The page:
Central Valley Community Foundation (CVCF) announces this year’s The Big Tell film contest winners. Ten area filmmakers each receive a $5,000 grant to capture a Central Valley story in a five-minute mini-documentary.
Now in its fifth year, The Big Tell is coordinated by CVCF, an organization committed to raising the profile of California’s Central Valley.
“Each year The Big Tell offers a collection of powerful stories, each essential in sharing the bigger story about our Central Valley,” CVCF President & CEO Ashley Swearengin said. “It’s imperative we create a space to highlight these diverse stories and to support our talented local filmmakers.”
More than 50 applicants submitted their best ideas for a film about an undiscovered story from throughout the six-county Central Valley: Merced, Mariposa, Madera, Fresno, Tulare, and Kings counties. A panel of judges evaluated the film concepts based on criteria including film subject, diversity among filmmakers and the stories they tell, and how the film will contribute to the rich and compelling narrative of the Central Valley.
The ten winning filmmakers have three months to complete their films which will premiere together at The Big Tell Showcase, a 90-minute televised special in November on Nexstar partner stations.
Presented by the James B. McClatchy Foundation, with support from Community Media Access Collaborative (CMAC), The Big Tell allows local filmmakers — professional, student and amateur — the opportunity to share a meaningful undiscovered Central Valley story.
Along with the cash grant, filmmakers receive one-on-one mentoring from Emmy-nominated documentarian Sascha Brown Rice, founder and President of Fire of Life Films, and granddaughter of former California Governor, Pat Brown.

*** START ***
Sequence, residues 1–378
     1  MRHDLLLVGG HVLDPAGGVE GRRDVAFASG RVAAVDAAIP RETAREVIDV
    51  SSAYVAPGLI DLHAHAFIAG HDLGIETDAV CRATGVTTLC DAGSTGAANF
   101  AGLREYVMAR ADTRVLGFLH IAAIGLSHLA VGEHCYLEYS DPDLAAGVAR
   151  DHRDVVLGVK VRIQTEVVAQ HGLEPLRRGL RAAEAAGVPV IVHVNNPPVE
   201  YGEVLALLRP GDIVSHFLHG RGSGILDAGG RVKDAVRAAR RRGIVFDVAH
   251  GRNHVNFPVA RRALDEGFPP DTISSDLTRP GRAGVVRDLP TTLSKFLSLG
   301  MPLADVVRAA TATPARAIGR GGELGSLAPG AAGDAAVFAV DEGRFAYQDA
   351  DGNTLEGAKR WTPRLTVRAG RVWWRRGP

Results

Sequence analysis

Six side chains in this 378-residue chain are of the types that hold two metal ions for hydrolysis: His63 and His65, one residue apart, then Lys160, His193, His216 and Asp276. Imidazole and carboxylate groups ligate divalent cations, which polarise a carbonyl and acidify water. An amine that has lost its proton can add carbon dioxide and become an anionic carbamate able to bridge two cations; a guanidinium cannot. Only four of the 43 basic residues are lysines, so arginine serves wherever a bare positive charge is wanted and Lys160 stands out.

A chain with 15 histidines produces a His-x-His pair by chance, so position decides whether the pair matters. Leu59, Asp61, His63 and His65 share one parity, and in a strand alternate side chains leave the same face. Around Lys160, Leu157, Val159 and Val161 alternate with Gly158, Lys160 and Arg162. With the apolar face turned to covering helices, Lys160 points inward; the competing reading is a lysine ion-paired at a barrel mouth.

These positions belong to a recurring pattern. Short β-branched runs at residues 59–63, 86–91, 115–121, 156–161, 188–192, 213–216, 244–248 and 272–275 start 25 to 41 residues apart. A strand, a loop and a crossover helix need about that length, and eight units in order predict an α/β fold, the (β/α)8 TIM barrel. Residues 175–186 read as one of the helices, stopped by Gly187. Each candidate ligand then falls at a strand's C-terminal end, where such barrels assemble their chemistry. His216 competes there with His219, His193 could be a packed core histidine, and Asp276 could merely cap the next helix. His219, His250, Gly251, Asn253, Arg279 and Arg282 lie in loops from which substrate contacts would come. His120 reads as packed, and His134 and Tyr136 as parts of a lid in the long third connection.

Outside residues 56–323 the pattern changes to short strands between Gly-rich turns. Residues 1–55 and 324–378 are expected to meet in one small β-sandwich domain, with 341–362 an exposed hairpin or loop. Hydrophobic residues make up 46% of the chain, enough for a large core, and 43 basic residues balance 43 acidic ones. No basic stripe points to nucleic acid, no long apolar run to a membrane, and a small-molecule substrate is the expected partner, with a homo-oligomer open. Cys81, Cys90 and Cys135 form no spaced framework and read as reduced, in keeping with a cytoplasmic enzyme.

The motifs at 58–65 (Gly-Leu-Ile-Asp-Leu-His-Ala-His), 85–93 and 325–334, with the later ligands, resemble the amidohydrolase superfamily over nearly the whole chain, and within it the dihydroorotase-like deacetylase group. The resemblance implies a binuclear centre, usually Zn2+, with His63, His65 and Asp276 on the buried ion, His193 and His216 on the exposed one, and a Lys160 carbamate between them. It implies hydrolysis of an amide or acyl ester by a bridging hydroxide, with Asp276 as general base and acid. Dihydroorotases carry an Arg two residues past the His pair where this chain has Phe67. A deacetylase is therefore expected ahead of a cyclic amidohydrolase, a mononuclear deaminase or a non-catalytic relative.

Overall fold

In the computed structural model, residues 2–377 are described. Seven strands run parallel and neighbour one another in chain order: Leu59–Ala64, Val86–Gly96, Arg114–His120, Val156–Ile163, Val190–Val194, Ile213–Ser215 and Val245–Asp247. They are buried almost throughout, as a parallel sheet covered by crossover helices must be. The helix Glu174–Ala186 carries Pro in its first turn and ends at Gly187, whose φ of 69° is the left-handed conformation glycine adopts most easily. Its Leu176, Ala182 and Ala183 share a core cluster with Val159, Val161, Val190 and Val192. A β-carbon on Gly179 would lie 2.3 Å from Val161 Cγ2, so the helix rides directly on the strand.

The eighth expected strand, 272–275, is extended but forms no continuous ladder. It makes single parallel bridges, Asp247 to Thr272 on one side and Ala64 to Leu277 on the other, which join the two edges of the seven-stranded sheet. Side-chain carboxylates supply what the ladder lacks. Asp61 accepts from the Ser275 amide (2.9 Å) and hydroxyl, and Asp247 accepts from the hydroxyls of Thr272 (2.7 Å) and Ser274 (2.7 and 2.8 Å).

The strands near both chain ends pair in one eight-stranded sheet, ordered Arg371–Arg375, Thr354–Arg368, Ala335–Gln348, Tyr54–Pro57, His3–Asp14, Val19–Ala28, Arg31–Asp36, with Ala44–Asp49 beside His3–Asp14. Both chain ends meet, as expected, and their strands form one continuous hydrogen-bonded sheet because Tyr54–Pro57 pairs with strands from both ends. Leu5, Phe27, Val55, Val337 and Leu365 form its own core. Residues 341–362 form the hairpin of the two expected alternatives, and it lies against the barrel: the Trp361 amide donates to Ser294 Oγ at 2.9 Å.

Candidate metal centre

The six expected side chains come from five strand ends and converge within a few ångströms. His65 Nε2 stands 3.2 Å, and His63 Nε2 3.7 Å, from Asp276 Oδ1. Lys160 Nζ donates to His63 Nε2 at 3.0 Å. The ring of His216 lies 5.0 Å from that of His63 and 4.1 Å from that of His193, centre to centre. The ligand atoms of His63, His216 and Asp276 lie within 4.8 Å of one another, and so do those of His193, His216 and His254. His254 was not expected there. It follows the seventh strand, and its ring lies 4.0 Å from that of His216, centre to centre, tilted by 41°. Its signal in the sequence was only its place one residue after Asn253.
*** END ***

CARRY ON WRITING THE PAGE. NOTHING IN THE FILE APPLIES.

“For the past four years, these short documentaries have brought to life the rich diversity of Central Valley,” said Brown Rice. “Sharing and celebrating stories is a timeless tradition. Collaborating with the Central Valley Community Foundation and mentoring the Big Tell filmmakers has been deeply rewarding. I look forward to working with this year’s lineup of winners!”
Brown Rice, a Los-Angeles-based filmmaker, public speaker, and teacher received an Emmy nomination for her 2012 film “California State of Mind: The Legacy of Pat Brown” (2012).
In addition to the grant and mentorship, CMAC provides winning filmmakers with an annual membership, ongoing technical assistance, and a full range of production tools and trainings.
“We believe that everyone has a story to tell and everyone deserves to be seen, heard, and recognized,” CMAC Executive Director Bryan Harley said. “Sharing these stories helps create a more connected community with people who are informed and engaged with what's happening—inspiring them to make their home even better.”
The Big Tell is committed to promoting diversity in both the filmmakers it supports and stories they share. Combined, the 50 The Big Tell filmmakers from 2017-2021 range in age from 23 to 67 years; 40% are female; 38% are Hispanic or Latino; 18% are Asian American and Pacific Islanders; 10% are Black or African American; 2% are Indigenous; 32% are white; and 50% are amateurs or students.
Here are the 2021 The Big Tell Film Contest winners:
- A Movement Known Around the World, Jeremy Miller
- Good Fire, Erica Tom
- Hope in a Basket, Chad Saecheo
- Kaweah Kweens, Zach Green Films
- Little Big Gym, Rigoberto Moran
- Mammoths in Madera?!, Eddie Garcia
- Mi Elotero, Carolina de la Torre
- Not Just any Restaurant, Matt Mealer
- Reclaiming Medicine, Jennifer Robin
- Stan Bitters: Ceramics Wizard, Ed Goto
Find more information about The Big Tell Film Contest and view previous films at www.TheBigTell.org